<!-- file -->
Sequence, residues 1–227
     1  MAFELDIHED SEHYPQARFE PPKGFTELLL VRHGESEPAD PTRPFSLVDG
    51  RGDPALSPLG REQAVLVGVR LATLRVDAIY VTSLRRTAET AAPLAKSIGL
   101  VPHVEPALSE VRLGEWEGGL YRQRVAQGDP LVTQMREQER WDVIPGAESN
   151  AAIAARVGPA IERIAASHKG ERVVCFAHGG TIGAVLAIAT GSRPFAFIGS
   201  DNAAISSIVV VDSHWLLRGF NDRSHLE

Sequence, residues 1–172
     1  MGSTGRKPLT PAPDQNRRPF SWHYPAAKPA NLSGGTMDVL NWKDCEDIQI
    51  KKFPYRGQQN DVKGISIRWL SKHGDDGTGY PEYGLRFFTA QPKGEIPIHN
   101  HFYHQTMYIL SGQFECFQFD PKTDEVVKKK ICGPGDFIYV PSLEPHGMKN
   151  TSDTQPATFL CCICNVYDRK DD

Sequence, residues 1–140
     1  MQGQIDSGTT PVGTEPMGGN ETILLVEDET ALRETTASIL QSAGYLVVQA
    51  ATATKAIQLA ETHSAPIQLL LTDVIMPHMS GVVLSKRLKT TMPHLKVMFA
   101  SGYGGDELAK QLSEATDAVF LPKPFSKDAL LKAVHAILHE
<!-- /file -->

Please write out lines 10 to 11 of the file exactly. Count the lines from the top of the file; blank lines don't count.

   101  HFYHQTMYIL SGQFECFQFD PKTDEVVKKK ICGPGDFIYV PSLEPHGMKN
   151  TSDTQPATFL CCICNVYDRK DD